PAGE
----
U.S. births were flat last year, federal health officials said, as the nation saw fewer babies born than it did before the pandemic. The data was reported by the Centers for Disease Control and Prevention Thursday.
A prominent obstetrician in Key Biscayne says birth rates in his practice are also unchanged.
“We’re as busy as ever,” said Dr. Jorge Mendia, an OB-GYN who practices at Mercy Hospital, but he noted a few differences from the national data because of the socioeconomics of the island.
Nationally, births to moms 35 and older continued to rise, with the highest rates in that age group since the 1960s. But those gains were offset by record-low birth rates to moms in their teens and early 20s, the CDC found. Its report is based on a review of more than 99% of birth certificates issued last year.
A little under 3.7 million babies were born in the U.S. last year, about 3,000 fewer than the year before. Because the numbers are provisional and the change was small, officials consider births to have been “kind of level from the previous year,” said the CDC’s Brady Hamilton, the lead author of the report.
Mendia said that because of the generally affluent nature of the community, he almost never sees teenagers and very rarely sees mothers in their early 20s.
“If you walk into our office, they’re all mid-30s,” he said.
U.S. births were declining for more than a decade before COVID-19 hit, then dropped a whopping 4% from 2019 to 2020. They ticked up about 1% in 2021, an increase experts attributed to pregnancies that couples had put off amid the early days of the pandemic.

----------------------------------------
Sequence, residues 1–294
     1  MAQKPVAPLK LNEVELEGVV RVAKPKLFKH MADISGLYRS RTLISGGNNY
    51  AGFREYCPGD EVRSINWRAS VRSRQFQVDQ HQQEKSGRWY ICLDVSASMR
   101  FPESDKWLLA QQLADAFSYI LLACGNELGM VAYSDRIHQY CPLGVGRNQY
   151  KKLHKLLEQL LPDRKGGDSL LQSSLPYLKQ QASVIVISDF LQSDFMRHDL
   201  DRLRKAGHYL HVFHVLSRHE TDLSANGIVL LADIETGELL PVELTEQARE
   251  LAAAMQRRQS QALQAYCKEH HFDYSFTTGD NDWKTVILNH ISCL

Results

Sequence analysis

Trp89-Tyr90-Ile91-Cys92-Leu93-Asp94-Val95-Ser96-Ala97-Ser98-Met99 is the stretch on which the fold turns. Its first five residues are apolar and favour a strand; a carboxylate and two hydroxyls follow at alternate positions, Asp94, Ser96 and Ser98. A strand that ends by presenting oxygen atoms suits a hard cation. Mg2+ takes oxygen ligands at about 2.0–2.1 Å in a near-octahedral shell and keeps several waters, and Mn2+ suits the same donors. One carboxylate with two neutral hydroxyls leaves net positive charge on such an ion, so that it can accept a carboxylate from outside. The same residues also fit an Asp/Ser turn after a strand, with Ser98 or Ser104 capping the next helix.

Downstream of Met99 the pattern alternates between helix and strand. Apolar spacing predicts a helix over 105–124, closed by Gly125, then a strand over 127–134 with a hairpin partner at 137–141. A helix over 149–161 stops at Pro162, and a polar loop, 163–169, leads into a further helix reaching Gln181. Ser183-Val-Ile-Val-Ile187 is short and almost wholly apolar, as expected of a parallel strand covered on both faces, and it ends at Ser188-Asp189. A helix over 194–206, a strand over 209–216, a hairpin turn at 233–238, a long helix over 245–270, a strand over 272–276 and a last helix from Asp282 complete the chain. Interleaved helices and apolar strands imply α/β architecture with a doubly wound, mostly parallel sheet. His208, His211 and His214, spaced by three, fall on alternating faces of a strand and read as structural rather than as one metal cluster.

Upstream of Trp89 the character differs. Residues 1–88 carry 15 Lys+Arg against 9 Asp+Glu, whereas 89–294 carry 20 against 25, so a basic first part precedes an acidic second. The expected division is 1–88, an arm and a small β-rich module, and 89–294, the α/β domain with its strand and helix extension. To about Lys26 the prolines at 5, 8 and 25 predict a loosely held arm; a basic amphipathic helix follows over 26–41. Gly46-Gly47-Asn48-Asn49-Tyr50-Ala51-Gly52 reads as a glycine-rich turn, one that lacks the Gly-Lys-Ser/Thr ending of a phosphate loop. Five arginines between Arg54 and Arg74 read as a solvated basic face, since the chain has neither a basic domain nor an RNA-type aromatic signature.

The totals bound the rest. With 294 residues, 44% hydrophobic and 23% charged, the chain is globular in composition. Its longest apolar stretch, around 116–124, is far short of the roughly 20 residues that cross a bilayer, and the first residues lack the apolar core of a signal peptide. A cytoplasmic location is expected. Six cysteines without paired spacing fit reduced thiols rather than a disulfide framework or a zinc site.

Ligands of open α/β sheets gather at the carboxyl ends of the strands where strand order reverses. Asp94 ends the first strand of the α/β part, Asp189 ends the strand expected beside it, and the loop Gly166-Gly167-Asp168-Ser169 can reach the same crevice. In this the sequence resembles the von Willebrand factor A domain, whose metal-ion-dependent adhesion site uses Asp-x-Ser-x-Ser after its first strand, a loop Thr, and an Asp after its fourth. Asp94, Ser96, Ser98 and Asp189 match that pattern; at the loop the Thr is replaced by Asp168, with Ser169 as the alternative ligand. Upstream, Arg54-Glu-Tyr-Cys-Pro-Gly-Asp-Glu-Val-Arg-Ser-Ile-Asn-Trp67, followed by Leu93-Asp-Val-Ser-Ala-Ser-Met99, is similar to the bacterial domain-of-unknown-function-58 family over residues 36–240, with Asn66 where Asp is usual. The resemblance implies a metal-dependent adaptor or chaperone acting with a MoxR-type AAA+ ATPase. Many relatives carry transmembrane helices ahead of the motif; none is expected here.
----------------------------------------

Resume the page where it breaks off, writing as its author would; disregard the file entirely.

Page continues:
Mendia says he’s not surprised with the overall findings of a depressed birthrate since the pandemic.
“I think there is a fear of the expense, whether it’s college or something else. There is that thought process,” Mendia said. “The expense of everything, it’s just crazy these days. When you start later, you have less kids.”
More findings from the CDC:
— The highest birth rates continue to be see in women in their early 30s. The number of births for women that age was basically unchanged from the year before. Births were down slightly for women in their late 20s, who have the second-highest birth rate.
— Births to Hispanic moms rose 6% last year and surpassed 25% of the U.S. total. Births to white moms fell 3%, but still accounted for 50% of births. Births to Black moms fell 1%, and were 14% of the total.
— The cesarean section birth rate rose slightly, to 32.2% of births. That’s the highest it’s been since 2014. Some experts worry that C-sections are done more often than medically necessary. Mendia said he’s seeing the same trend in his practice. “They’re the highest they’ve ever been.”
— The U.S. was once among only a few developed countries with a fertility rate that ensured each generation had enough children to replace itself — about 2.1 kids per woman. But it’s been sliding, and in 2020 dropped to about 1.6, the lowest rate on record. It rose slightly in 2021, to nearly 1.7, and stayed there last year.
It’s possible the abortion restrictions will lead to higher births rates in 2023 — more likely among younger women than older moms, said Ushma Upadhyay, a reproductive health researcher at the University of California, San Francisco. But even if there is a rise, it may not bring the nation back to pre-pandemic birth levels, given other trends, she added.
“I don’t know if we’ll ever get back there,” she said.
Mike Stobbe is an Associated Press medical writer